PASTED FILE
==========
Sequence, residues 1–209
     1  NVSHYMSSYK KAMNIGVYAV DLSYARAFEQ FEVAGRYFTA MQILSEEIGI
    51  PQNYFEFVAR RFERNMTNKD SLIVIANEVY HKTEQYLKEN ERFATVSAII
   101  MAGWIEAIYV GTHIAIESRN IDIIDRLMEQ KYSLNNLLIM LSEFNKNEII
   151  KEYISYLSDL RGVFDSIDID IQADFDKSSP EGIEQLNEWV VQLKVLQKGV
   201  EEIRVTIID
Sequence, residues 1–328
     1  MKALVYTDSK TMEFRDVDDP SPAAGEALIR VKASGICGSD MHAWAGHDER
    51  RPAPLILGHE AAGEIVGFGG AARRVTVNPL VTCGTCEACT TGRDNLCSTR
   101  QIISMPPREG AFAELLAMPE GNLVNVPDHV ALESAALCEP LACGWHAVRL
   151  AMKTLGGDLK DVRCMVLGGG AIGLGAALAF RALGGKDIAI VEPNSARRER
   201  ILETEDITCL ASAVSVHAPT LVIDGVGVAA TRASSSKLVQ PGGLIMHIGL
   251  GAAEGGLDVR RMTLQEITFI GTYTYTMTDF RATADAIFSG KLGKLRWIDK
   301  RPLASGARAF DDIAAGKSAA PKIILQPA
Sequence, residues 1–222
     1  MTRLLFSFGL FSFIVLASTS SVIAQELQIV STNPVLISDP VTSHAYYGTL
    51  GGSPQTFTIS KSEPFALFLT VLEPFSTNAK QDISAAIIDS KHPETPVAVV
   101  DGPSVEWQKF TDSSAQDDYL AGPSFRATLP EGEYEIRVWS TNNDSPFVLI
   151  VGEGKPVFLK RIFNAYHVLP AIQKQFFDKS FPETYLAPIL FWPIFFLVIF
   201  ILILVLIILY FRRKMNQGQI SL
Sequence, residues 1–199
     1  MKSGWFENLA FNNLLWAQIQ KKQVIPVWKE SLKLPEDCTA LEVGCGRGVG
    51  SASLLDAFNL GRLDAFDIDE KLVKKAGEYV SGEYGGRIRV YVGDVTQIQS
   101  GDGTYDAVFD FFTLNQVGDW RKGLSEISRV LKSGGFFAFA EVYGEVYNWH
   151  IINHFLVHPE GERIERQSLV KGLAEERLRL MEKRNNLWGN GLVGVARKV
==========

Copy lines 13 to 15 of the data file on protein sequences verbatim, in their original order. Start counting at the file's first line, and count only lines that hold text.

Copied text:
   251  GAAEGGLDVR RMTLQEITFI GTYTYTMTDF RATADAIFSG KLGKLRWIDK
   301  RPLASGARAF DDIAAGKSAA PKIILQPA
Sequence, residues 1–222